The Case for Standards-Based Grading

Seems like on most days when I hit social media, I’m bombarded by the same chatter—grades are “meaningless,” “don’t measure learning,” and “are corruptive.”

And the comments don’t stop there. There’s negative chatter about all forms of grading practices, including standards-based grading.  While I agree that outdated and ineffective grading practices like using a 101 point scale, averaging assessments, and labelling work with letter grades needs to be chucked, it’s too bold to suggest that all grading is rotten and should be cast down in one gigantic swoop.

When rebuking standards-based grading is included in conversations about grading reform, it is going too far. Now, I’m not going to judge anyone for wanting to overhaul a dangerous system in which letter grades are used as carrots and sticks to garner obedient behaviour from students. I also sympathize with educators who must summarize all learning into a percentage or symbol at the end of learning. I, too, have felt pangs of regret at report card time and wondered how I could be so cruel as to categorize students in such a way. But I also know that when standards-based grading is implemented properly, the road to report card-ville has fewer potholes than before. In fact, it is because I am implementing standards based grading practices, that generating a grade seems to have less stinging and more calming effects now.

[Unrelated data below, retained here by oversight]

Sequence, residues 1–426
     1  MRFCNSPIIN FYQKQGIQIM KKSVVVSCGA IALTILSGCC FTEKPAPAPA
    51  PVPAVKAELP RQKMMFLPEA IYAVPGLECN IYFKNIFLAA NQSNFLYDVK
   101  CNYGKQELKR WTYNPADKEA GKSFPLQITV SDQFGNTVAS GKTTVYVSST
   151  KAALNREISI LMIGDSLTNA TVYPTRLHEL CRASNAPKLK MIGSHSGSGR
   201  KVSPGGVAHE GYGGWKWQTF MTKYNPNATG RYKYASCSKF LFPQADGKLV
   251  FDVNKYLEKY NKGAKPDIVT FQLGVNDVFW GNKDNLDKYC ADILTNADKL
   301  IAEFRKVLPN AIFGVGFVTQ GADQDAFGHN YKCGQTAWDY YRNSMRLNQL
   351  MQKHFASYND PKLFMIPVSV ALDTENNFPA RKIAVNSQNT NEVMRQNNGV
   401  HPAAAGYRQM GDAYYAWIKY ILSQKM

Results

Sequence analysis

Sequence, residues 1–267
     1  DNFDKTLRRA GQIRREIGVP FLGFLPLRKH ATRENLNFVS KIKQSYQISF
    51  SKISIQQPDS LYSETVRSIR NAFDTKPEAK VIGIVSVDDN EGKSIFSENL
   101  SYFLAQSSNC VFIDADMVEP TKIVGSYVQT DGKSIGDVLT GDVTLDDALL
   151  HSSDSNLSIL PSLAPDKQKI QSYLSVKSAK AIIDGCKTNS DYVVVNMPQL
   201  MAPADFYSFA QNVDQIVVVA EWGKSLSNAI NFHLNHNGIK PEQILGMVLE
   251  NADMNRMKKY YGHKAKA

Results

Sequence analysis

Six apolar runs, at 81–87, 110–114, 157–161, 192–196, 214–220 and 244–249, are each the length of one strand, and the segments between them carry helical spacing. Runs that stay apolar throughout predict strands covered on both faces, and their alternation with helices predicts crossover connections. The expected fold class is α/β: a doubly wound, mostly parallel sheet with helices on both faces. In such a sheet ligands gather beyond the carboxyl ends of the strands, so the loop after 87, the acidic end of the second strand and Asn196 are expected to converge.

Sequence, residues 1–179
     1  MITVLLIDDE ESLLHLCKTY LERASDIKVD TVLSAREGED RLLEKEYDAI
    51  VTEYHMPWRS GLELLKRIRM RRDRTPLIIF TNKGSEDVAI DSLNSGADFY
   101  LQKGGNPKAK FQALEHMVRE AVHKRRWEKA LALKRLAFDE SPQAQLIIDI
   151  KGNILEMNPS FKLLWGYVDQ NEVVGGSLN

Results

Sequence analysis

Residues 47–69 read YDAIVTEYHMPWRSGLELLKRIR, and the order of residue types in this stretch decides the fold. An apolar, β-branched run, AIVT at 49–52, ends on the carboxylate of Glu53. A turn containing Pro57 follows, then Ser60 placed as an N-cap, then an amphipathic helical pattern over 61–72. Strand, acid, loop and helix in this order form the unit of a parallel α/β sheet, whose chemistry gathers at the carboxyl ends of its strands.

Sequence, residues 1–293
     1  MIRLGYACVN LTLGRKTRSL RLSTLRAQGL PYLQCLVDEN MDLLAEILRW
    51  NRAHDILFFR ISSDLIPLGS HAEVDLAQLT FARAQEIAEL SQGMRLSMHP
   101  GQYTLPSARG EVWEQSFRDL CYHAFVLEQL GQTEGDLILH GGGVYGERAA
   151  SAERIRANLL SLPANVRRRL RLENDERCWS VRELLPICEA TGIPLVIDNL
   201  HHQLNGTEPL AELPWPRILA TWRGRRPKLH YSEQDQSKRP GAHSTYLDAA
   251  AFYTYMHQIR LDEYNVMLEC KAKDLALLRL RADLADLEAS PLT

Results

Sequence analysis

So, I wonder if the negative perception of SBG and the subsequent grades that are a result of such a practice, is because some educators have been exposed to harmful versions of it, perhaps practices that teeter on ethical malpractice or maybe are misaligned with what the intention of SBG should be, or there could be top down decrees  that once pigeon-holed them into using SBG in ineffective ways and undermined their practice, resulting in a overall feeling that SBG is both ineffective and as abhorrent as points and grades in themselves. I also wonder if, once upon a time, an educator was instructed how to do standards-based grading and the instructions were incorrect, rendering the objective of SBG as a means to go “gradeless,” as ineffective as traditional grading practices from yesteryear.